Permanence does not Equal MMI
State, ex rel. DaimlerChrysler Corp. v. Indus. Comm. (3/24/09), 121 Ohio St.3d 341, 2009-Ohio-1219.
Issue: Is an injured worker entitled to temporary total when their condition has not reachedMMI but their condition will “permanently” prevent them from returning to their former position of employment?
Background: Moran was receiving temporary total. All of the medical evidence indicated that her condition had not reached MMI (maximum medical improvement). However, her doctor had also indicated that she would be permanently unable to return to her former position of employment.
The employer sought to have temporary total terminated because of the treating doctor’s opinion that Moran would be unable to return to her former position of employment. The Industrial Commission refused to do so. The employer filed a complaint for a writ of mandamus in the Court of Appeals seeking to have temporary total vacated because Moran was permanently unable to return to her former position of employment. The Court of Appeals denied the requested writ and the employer appealed.
Decision: Supreme Court affirms.
Under R.C. §4123.56(A) one of the reasons for terminating temporary total is when the injured worker reaches MMI. The statute does not provide that a “permanent” inability to return to the former position of employment bars temporary total.
O.A.C. 4121-3-32(A)(1) defines MMI as a “treatment plateau.” It does not reference “permanent” inability to return to the former position of employment. In spite of this, the employer claimed Moran was barred from temporary total based on language in State ex rel. Ramirez v. Indus. Comm. (1982), 69 Ohio St.2d 630, which had stated that an injured worker was entitled to temporary total until a condition had “become permanent.” The Supreme Court rejects this argument because “we continue to declare MMI to be the only standard by which temporary total disability compensation can be terminated on a basis of permanency.”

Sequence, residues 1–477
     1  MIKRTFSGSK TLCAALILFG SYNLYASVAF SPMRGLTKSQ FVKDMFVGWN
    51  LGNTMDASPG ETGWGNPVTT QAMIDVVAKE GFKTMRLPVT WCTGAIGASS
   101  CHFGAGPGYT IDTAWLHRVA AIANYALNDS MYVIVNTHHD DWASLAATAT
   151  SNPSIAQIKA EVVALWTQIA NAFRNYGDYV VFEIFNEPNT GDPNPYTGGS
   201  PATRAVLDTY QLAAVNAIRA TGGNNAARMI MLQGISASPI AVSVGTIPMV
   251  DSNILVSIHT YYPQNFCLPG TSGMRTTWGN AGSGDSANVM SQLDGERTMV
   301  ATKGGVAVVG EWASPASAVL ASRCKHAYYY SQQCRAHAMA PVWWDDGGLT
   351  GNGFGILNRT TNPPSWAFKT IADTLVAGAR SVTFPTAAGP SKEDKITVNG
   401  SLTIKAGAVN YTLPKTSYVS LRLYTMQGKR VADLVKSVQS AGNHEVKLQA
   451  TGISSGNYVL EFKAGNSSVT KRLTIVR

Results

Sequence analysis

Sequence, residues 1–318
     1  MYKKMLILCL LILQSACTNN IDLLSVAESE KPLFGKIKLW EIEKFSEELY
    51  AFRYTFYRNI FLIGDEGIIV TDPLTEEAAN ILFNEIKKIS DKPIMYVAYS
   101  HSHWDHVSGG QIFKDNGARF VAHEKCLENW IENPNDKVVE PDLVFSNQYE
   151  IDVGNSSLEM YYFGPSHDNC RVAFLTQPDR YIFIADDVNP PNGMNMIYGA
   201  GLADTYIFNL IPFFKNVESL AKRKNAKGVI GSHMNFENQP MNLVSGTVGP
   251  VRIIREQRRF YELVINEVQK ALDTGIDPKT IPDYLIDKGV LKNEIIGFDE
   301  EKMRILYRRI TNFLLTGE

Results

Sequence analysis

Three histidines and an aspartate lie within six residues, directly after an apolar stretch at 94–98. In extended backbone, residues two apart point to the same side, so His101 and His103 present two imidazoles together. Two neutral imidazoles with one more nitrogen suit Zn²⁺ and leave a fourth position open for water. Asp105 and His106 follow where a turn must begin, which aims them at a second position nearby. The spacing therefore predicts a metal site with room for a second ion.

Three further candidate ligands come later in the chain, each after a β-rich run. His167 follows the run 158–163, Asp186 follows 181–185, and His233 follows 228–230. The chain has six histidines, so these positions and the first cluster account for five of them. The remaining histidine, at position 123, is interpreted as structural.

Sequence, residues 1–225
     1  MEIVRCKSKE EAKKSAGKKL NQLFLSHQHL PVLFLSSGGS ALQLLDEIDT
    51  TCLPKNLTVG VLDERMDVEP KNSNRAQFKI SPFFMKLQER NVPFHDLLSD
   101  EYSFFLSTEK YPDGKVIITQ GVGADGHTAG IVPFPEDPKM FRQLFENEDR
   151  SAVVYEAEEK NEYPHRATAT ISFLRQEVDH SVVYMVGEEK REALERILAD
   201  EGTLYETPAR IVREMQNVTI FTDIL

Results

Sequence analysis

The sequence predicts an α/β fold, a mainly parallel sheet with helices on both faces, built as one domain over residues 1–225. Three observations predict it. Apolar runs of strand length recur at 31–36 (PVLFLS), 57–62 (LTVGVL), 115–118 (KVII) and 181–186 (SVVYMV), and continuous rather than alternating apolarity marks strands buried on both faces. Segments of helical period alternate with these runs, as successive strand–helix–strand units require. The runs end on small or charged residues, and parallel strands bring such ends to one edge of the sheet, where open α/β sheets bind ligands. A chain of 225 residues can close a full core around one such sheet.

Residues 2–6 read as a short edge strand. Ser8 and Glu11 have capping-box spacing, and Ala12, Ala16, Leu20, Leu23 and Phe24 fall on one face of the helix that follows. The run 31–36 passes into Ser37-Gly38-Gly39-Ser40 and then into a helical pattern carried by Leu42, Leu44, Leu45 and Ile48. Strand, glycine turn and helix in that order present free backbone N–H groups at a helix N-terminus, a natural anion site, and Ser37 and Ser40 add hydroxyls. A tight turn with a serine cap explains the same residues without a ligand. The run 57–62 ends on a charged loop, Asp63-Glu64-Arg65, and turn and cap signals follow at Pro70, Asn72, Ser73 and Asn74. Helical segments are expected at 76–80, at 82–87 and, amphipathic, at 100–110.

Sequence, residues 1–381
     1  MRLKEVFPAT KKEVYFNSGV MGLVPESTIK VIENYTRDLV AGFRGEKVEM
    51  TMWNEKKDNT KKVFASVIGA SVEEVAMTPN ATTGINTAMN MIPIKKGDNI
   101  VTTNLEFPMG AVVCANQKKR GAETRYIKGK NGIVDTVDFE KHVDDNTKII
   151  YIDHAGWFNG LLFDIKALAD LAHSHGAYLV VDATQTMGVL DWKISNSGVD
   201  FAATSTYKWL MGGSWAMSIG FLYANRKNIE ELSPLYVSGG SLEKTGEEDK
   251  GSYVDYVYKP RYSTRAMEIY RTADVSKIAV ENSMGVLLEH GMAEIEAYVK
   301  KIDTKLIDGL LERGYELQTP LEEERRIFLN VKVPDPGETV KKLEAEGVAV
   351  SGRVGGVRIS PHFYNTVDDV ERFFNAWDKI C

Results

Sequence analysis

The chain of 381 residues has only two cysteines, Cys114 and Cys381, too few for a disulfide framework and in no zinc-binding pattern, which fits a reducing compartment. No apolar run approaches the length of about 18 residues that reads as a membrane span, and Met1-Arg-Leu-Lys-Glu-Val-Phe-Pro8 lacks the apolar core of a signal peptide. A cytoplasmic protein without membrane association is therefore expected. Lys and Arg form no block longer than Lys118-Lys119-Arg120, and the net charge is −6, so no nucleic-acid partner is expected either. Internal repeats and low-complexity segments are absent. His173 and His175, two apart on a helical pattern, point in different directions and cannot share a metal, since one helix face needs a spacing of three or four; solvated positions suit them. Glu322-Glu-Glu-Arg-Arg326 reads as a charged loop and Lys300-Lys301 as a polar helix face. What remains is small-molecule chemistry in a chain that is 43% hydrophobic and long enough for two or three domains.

Editor’s Comment: One of the flaws in the employer’s argument was that when Ramirez was decided in 1982 the statute did not provide grounds for terminating temporary total. The grounds for terminating temporary total were added to the statute in 1986. In the 1986 amendment the legislature specified under what circumstances temporary total could be terminated and indicated that MMI, not a “permanent” inability to return to the former position of employment, would terminate temporary total.